Facing up to the falling dollar
Don't panic just yet. But watch out for Washington's attempts to 'rescue' the dollar.
What do Venezuela's Hugo Chávez, Iran's Mahmoud Ahmadinejad, and rap mogul Jay-Z have in common? They've all recently dissed the US dollar. And for good reason. Seven years ago, a euro would set you back as little as 84 cents. Today, it takes a whopping $1.49 to buy a euro. The trend line with respect to other currencies is similarly negative.Skip to next paragraph
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The precipitous drop in the dollar's value has set off alarm bells around the globe. Will China dump its massive hoard of dollars? Will OPEC stop trading oil in greenbacks? Will Persian Gulf states break their peg to the dollar? How low will the dollar go?
The response to all of these concerns is this: Be afraid, but not very afraid. Yes, the dollar's fall makes Americans poorer. It also reflects concerns about the health of the US economy. But so long as policymakers refrain from greater protectionism, foolish regulations, and loose monetary policy, the US economy and currency won't become second-rate.
The consequences of the greenback's decline are serious but manageable. The causes are more worrisome.
The worst consequence of a falling dollar is that it erodes America's terms of trade. The lower the dollar, the fewer the imports that Americans receive as payment for a given amount of exports. For example, if in 2004 Caterpillar received €500,000 for each bulldozer it sold to Europeans but today receives only €400,000 for the same bulldozer, clearly this American firm's ability to command European goods, services, or assets in exchange for selling its product has declined.
Americans might indeed export more as a result of the dollar's lower price, but they'll receive less value in return for each dollar's worth of exports. Workers are worse off whenever their earnings buy them fewer goods and services. Likewise, Americans collectively are worse off now that their exports bring them less value, and now that their currency buys them fewer foreign goods and services.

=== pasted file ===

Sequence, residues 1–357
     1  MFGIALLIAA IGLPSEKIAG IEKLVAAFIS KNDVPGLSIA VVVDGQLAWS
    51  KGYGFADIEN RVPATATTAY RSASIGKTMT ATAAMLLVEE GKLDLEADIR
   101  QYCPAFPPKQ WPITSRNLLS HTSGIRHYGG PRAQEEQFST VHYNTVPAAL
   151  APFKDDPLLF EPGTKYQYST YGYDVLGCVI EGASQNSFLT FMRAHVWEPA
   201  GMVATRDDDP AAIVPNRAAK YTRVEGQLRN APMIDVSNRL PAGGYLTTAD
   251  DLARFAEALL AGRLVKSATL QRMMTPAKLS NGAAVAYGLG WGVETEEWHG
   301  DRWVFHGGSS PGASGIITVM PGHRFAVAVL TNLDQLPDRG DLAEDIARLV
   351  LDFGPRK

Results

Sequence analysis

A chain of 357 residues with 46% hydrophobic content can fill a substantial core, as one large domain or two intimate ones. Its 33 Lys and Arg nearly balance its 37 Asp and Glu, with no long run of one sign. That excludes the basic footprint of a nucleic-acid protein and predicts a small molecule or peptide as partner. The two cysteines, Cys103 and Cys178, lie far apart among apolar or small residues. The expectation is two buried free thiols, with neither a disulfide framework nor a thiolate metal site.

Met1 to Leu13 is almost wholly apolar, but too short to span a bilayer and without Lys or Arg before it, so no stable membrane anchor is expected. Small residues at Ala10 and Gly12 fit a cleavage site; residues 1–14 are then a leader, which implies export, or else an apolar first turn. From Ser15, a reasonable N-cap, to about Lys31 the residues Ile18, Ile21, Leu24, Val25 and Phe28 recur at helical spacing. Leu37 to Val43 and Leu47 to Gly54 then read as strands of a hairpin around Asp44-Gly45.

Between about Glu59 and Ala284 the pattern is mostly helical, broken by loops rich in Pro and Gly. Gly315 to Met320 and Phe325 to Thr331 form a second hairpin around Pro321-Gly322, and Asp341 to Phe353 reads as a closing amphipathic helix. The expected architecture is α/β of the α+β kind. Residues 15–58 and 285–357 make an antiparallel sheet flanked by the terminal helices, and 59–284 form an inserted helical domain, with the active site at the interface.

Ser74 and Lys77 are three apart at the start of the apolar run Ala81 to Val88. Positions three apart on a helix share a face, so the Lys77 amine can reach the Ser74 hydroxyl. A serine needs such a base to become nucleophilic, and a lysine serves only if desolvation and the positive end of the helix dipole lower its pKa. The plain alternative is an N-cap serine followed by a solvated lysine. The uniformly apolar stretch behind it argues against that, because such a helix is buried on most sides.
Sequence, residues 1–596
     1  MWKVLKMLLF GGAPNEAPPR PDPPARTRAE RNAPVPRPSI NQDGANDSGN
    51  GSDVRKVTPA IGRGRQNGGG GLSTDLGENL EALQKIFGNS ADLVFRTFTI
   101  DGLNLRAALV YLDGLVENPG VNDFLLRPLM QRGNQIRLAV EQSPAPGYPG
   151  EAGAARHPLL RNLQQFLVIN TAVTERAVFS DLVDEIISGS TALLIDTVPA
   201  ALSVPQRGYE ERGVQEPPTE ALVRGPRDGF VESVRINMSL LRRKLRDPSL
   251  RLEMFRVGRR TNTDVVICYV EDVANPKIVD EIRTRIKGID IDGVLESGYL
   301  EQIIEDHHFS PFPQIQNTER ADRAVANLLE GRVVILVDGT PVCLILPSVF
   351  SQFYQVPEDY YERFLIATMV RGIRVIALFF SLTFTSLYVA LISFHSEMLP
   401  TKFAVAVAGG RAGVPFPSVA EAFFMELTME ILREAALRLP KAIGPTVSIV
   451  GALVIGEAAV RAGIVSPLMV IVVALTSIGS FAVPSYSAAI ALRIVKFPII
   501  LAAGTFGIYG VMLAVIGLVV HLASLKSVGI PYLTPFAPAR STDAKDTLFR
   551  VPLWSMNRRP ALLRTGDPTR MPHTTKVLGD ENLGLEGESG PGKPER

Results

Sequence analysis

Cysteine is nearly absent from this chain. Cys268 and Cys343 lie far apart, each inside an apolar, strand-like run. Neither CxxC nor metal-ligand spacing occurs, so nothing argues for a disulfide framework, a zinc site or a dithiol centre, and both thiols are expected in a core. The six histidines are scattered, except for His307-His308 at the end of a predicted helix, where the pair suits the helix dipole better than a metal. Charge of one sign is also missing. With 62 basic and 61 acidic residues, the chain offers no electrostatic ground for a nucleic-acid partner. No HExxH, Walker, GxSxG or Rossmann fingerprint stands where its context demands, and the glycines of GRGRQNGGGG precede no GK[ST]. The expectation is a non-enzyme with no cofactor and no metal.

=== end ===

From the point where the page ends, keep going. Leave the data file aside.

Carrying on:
Another negative likely consequence is Congress "coming to the rescue" with more protectionist policies. Grabbing any excuse for protecting favored domestic industries from foreign competition, many in Congress will use the dollar's fall to "shield" the American economy from the "unfair" and "destructive" globalized economy. But a key reason for the dollar's traditionally high value is that America is the biggest piston in the global economic engine. Reducing America's participation in the global economy will "enrich" Americans in the same way that reducing a worker's participation in the labor market will enrich that worker.
Some observers worry that foreigners will sell their dollar-denominated holdings, causing a spike in US interest rates. Especially during this time of turmoil in the mortgage and credit markets, such a rate spike could cause further pain for homeowners because higher real interest rates are likely to depress housing prices further.
But the mere fact that foreigners hold lots of dollar-denominated assets is no reason to worry that these assets will suddenly be dumped. In a 2005 interview, Charlie Rose asked the late Milton Friedman if dollar dumping by foreigners would be destabilizing. Mr. Friedman pointed out the obvious: "Yes, it might. But the people who would lose by it would be the foreigners who held that and who dumped those dollars."
The fact is, foreigners have little incentive to inflict losses upon themselves by dumping dollars for the sake of destabilizing America's economy. If investors flee the dollar, they will do so only because a worsening of policies in Washington makes dollar-denominated assets less attractive.
A falling dollar will also tend to reduce America's trade deficit. Contrary to popular opinion, though, this result is nothing to cheer about.
Far from being a curse, a large US trade deficit signals that the American economy is structurally sound. The reason is that this "deficit" rises as foreigners increase their investments in the United States. Because investors generally do not pour their funds into assets whose expected returns are poor, a growing US trade deficit signals global optimism about the future of the American economy.